Permission Posing—The Only Photography Posing Guide That Works for Everyone
I believe photoshoots shouldn’t be awkward—period. It is 100% possible to craft an experience that is basically guaranteed to be positive for couples who hire us to document one of the most important days in their lives. Yes, there will always be aspects of this job that are out of our control. But, after years of photographing weddings and elopements using a specific empathetic posing technique, I no longer believe posing couples is one of those things left up to chance.
Instead, a deeply intentional and personalized posing strategy can turn a session around.
Throw out your posing cards, forget the cringy prompts created to shock couples into a reaction, and get ready to learn about Permission Posing—my tried and true method for encouraging authentic reactions from couples at every photography session.
Permission Posing is rooted in two ideals—both essential to making this method work.
- Couples already know how to be together better than photographers ever will.
- It is more important for couples to have a positive experience than it is for me to get epic photos.
If you keep those two notions at the forefront of your mind throughout each photography session, the result will be images that show the true relationship between a couple. You can still get epic photographs, but, more importantly, the couple will feel like their relationship has been documented in a way that is true-to-them.
Traditional photography posing methods are often awkward and stiff—you’re relying on the recreation of specific poses instead of leading those in front of your camera to move naturally. If you’ve spent time in front of the camera, you probably know exactly what I’m talking about! If you haven’t, but you’ve photographed couples before—have you ever asked a couple to do something and they looked at each other like, “uh, do we have to?” THAT moment is exactly what we want to avoid moving forward!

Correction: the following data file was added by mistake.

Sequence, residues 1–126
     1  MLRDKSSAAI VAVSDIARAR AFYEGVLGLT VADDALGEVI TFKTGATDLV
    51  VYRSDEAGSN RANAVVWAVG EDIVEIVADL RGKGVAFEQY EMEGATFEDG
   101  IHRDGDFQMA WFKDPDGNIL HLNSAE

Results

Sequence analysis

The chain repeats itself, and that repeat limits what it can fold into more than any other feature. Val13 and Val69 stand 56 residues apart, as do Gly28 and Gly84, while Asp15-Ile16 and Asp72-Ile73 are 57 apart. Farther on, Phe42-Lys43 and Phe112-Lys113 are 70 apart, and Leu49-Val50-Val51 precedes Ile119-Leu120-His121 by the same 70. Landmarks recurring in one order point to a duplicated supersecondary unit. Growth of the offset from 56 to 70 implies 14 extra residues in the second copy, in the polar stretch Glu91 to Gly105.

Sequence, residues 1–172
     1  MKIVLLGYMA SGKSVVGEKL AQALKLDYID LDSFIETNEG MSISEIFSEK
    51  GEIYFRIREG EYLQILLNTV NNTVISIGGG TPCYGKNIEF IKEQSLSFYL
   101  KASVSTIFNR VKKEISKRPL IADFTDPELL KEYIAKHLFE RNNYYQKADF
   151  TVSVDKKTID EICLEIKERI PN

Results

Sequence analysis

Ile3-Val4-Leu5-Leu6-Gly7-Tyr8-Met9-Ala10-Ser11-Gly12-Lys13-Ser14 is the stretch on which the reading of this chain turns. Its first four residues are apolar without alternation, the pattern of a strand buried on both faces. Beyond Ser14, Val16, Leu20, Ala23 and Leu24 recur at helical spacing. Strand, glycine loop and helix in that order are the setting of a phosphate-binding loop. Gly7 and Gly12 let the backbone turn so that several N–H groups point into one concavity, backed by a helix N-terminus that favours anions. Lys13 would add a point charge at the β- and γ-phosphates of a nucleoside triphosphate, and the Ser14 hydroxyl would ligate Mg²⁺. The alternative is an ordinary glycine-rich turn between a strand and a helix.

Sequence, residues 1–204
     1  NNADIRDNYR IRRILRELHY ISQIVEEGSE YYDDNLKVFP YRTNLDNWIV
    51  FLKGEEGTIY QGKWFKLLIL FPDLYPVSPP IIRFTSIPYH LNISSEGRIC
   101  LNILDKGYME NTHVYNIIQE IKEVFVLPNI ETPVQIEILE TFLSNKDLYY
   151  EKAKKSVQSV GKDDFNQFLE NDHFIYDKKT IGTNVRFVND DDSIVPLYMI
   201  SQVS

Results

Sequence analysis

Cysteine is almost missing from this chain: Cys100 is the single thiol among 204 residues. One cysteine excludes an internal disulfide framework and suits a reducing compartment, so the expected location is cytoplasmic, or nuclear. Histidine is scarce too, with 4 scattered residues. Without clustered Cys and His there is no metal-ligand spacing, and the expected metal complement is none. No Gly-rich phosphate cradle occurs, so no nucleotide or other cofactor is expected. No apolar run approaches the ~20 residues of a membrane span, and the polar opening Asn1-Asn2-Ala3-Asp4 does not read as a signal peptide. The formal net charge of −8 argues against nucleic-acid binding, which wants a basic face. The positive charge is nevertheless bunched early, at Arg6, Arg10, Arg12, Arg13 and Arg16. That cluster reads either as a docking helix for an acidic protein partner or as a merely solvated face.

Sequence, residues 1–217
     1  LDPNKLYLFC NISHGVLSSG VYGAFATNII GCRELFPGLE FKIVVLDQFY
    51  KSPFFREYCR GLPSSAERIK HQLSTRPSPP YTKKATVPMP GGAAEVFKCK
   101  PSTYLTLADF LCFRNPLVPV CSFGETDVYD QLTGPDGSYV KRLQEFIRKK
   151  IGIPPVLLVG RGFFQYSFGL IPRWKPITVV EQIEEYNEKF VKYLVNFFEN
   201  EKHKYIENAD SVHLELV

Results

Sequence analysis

Getting ready for a photoshoot shouldn’t feel like cramming for a test—you shouldn’t be memorizing poses, hoping you won’t run out of prompts or forget something. Instead, if you’re facilitating an enjoyable experience where couples are comfortable to be themselves, you’ll never run out of ideas!
Yes, Permission Posing works even for the couples who insist they’re not photogenic, have a hard time relaxing in front of the camera, or simply get shy working with you. To mitigate the awkwardness, I’ve found it valuable to give couples a good idea for how the shoot will go—tell them beforehand that your goal is to help them feel comfortable.
The Philosophy Behind Permission Posing
Permission Posing is implemented through a simple communication tactic: I ask each couple to do what feels right, rather than tell them to move a certain way. I’ll offer plenty of aesthetic guidance, but how I phrase those suggestions ensures the power is totally in the hands of the couple—each posing recommendation is a suggestion and not a command.
I believe each couple already knows how to be comfortable with each other—in their personal lives, when no cameras are pointed their way, they already move with each other. I aim during sessions to tap into that natural connection—to facilitate a space where couples display their own way of hugging, kissing, and exploring their surroundings.